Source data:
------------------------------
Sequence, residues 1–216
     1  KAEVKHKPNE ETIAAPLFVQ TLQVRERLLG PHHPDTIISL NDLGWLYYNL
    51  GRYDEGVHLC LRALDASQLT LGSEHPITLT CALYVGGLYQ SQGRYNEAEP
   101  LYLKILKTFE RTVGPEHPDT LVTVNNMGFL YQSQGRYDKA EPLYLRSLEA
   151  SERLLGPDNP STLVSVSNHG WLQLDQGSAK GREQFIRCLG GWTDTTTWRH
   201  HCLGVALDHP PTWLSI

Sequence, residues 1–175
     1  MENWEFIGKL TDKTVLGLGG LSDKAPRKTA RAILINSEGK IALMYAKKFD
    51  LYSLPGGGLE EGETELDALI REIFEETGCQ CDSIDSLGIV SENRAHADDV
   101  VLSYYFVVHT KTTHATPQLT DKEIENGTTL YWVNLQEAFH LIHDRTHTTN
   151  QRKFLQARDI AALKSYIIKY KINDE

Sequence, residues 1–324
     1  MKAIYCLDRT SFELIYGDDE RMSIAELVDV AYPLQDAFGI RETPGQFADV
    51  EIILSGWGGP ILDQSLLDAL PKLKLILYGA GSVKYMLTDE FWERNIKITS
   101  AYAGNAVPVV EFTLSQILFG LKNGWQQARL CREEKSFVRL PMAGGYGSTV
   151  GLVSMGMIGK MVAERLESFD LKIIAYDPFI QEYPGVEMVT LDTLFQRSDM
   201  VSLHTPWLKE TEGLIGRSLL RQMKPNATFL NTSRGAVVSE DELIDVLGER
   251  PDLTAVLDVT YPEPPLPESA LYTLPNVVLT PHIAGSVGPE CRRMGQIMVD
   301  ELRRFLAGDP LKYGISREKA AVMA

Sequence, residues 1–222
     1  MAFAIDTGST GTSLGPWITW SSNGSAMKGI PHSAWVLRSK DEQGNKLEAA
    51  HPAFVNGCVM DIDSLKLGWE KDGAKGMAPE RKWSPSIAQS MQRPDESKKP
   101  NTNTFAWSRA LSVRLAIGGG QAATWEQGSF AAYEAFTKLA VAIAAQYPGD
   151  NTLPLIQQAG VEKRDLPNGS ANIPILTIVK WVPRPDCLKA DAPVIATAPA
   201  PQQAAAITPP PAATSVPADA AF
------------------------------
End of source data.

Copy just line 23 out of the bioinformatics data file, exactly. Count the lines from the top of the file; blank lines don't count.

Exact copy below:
   101  NTNTFAWSRA LSVRLAIGGG QAATWEQGSF AAYEAFTKLA VAIAAQYPGD